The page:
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Clowne Junior School

Working together for success and happiness

English

 

Greek mythology and legends. 

During this week's writing sequence, you will learn how to write a narrative piece which builds up the tension. You will also learn how you can use double commas, double dashes and brackets to add extra information.

  

As we now know from our learning last week, the ancient Greeks loved to tell stories (they didn’t have TVs, laptops, phones, X-boxes etc..) telling each other stories was how they entertained themselves and made sense of the world around them.

Their stories often had a hero (like Demetris last week) who had to go on a quest. The hero would meet other characters along the way: some were trying to help but many were trying to stop the hero fulfilling their quest. In many Greek myths the obstacles facing the hero were actually creatures/monsters.

Many writers have ‘magpied’ these ancient creatures and put them into their own stories: Percy Jackson; Harry Potter; Who let the Gods out; the Chronicles of Narnia; Lord of the Rings … to name but a few.

 

 

TASK 1: Look at the pictures of ancient Greek mythical creatures; are any familiar to you? If you can, discuss them with someone at home.

 

Before the hero actually faces the creature/monster, a writer will try to build up the tension. A key purpose of the model below is to build up the tension. That means to let the reader know we are working up to a dramatic moment in the story. Good writers find ways to make the reader feel both excited and nervous.

 

TASK 2: Read the model.                                      Journey to the underworld

 

Stealthily, Demetris crept along the dark, dismal tunnel. His heart was banging against his chest and his breathing was becoming more erratic. Doubts pushed and shoved their way into his thoughts.  Could he really steal the helmet of invisibility?  What would happen if Hades caught him? The goddess Phronesis had given him clear advice on what he had to do (plus three magical gifts) …but what if she was wrong! Even though the task ahead of him was a daunting one, Demetris knew he had to try and be calm and focused. Although he wanted to turn and run, it was not an option. If he fulfilled his quest, all across the land people would know his name; stories would be told for years of his bravery. Demetris, who was the son of a poor fisherman, would be made King of all Kreeta. He had to go on.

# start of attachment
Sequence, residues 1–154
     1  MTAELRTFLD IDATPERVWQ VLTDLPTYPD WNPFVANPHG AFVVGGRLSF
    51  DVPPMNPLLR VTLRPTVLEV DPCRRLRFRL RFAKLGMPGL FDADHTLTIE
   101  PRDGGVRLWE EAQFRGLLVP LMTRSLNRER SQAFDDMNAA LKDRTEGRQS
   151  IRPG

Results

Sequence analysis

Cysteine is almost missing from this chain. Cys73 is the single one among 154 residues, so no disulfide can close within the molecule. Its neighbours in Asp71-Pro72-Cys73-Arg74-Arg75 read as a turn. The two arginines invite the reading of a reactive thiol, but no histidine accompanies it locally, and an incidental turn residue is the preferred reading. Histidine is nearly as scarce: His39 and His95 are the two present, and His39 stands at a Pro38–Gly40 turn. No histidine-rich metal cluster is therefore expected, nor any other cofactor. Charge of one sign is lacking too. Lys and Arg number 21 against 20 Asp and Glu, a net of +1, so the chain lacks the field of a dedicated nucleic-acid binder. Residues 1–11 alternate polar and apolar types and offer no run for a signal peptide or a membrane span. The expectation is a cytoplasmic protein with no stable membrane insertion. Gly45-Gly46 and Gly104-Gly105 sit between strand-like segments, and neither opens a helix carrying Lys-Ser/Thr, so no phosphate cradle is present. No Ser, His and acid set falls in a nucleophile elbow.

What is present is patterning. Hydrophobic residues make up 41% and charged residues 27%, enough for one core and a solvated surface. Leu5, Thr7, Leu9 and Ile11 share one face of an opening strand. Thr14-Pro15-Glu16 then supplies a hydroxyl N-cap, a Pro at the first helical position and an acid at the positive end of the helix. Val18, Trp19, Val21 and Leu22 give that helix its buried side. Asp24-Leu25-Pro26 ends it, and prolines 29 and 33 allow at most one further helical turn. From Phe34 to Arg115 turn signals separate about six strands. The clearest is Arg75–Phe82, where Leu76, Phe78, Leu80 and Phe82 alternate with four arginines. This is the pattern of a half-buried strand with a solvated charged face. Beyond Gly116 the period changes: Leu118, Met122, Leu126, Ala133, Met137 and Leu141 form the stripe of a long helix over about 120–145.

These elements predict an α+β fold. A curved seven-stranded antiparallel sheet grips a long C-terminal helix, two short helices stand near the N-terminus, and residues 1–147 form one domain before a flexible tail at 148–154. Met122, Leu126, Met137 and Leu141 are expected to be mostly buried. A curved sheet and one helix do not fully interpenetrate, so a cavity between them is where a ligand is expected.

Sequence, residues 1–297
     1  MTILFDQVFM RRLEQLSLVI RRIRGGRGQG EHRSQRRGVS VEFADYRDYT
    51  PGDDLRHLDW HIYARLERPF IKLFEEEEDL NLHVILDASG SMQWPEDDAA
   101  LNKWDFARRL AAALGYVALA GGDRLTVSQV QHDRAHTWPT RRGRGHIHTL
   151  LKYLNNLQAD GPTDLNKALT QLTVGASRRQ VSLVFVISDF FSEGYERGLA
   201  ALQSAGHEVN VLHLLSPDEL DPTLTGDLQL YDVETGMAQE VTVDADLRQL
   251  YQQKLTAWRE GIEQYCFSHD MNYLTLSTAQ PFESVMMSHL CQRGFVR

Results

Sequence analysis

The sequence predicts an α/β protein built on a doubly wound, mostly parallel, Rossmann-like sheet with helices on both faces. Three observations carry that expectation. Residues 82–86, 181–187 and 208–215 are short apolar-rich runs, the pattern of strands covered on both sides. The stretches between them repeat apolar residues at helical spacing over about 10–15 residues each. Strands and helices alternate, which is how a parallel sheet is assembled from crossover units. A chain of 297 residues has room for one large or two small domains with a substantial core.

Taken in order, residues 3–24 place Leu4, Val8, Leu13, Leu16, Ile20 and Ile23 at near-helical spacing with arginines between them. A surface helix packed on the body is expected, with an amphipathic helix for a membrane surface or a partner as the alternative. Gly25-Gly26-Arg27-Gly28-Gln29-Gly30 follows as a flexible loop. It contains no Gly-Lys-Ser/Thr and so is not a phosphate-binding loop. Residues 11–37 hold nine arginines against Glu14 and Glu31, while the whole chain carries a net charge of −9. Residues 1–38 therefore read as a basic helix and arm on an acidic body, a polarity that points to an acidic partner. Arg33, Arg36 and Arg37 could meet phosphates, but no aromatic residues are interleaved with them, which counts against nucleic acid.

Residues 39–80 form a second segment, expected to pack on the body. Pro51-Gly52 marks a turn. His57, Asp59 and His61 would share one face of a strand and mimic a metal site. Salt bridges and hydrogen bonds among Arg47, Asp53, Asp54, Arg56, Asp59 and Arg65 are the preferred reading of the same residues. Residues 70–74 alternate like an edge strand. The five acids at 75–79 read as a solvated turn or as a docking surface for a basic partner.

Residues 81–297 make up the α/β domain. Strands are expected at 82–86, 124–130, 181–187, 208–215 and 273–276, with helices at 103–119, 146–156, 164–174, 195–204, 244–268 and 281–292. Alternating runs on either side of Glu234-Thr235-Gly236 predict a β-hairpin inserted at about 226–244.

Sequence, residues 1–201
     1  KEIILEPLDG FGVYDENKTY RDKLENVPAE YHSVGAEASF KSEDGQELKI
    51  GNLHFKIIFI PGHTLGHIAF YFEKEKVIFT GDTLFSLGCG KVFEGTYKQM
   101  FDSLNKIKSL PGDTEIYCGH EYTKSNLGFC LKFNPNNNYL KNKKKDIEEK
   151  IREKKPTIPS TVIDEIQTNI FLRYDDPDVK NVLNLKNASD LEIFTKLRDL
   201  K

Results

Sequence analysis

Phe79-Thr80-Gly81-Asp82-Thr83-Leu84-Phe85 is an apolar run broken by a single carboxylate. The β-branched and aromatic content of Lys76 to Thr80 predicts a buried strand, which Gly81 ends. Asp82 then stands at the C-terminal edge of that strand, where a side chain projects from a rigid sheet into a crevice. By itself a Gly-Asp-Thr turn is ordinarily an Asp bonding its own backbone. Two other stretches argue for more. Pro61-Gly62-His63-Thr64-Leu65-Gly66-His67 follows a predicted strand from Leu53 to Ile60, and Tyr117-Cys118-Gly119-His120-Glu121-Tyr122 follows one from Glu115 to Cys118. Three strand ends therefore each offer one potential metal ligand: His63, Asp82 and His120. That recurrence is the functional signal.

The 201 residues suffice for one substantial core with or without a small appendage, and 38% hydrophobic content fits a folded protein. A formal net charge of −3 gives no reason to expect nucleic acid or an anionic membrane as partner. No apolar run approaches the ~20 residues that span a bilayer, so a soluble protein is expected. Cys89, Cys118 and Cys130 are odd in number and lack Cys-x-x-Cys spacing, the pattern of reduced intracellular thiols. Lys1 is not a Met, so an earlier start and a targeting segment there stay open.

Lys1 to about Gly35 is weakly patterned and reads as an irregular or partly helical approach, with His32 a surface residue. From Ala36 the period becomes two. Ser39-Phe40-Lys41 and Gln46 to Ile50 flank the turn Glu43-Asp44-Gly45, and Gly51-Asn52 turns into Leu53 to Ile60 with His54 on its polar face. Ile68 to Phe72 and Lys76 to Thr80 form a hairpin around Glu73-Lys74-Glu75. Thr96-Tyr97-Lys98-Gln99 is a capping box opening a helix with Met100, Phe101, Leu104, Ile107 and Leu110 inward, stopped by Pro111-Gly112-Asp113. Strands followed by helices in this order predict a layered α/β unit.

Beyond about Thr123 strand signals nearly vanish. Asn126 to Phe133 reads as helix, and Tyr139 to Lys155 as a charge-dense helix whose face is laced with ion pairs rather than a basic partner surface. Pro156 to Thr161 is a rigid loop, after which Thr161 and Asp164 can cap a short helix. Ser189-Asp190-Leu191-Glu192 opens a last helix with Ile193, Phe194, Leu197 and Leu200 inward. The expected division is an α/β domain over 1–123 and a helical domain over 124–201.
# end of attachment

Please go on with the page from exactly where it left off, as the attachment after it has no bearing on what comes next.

The tunnel was going deeper and deeper into the depths of the earth. He could feel large rats scurrying over his feet as water dripped off the tunnel roof on to his head. The stench was terrible! Demetris seemed to crawl for an eternity until he felt a cold, sharp air hit his skin. Ahead, he could see a purply-blue light that filled his whole body with dread. The blue cave (which the goddess had warned him about) was now very close. The monstrous creature would be there. Cerberus …the guardian of the underworld. Could he – a young man of only twenty-one years –defeat the three -headed hound? This dog (the size of a building) was no ordinary dog. Everyone knew that just one bite and it was over; each head was filled with dagger-like venomous teeth. Suddenly, he could hear howls and barks so ferocious it sent uncontrollable shivers through his entire body. With a deep breath, Demetris raised the sword of truth in front of him. He entered the cave. His time had come! Destiny awaited …

 

 

 

TASK 3:

  • Find 5 words in the text you think many children in Year 4 wouldn't know and clarify them. 
  • Highlight/make a list of words and phrases from the model that build up the tension

ADDITIONAL ART/DT CHALLENGE (you could work on this over the week)

  • Read through the PowerPoint below smiley on ancient Greek mythical creatures and create an art piece of one of the creatures.(sketch, colouring, painting, collage, masks)
  • You could make up your own mythical creature too.

 

 

 

 

 

An alternative version of the PowerPoint for those struggling to access it.

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